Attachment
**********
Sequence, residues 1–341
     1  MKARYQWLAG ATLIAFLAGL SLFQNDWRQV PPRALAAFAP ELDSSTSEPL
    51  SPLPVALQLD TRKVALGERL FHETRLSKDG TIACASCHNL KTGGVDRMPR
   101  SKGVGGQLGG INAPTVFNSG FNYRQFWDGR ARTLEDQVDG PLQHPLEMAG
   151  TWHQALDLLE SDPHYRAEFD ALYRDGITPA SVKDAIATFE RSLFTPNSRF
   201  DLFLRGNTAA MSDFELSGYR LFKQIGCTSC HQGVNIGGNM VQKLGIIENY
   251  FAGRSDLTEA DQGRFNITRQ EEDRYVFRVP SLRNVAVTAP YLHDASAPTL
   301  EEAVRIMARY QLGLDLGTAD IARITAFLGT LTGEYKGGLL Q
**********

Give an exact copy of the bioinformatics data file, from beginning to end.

Sequence, residues 1–341
     1  MKARYQWLAG ATLIAFLAGL SLFQNDWRQV PPRALAAFAP ELDSSTSEPL
    51  SPLPVALQLD TRKVALGERL FHETRLSKDG TIACASCHNL KTGGVDRMPR
   101  SKGVGGQLGG INAPTVFNSG FNYRQFWDGR ARTLEDQVDG PLQHPLEMAG
   151  TWHQALDLLE SDPHYRAEFD ALYRDGITPA SVKDAIATFE RSLFTPNSRF
   201  DLFLRGNTAA MSDFELSGYR LFKQIGCTSC HQGVNIGGNM VQKLGIIENY
   251  FAGRSDLTEA DQGRFNITRQ EEDRYVFRVP SLRNVAVTAP YLHDASAPTL
   301  EEAVRIMARY QLGLDLGTAD IARITAFLGT LTGEYKGGLL Q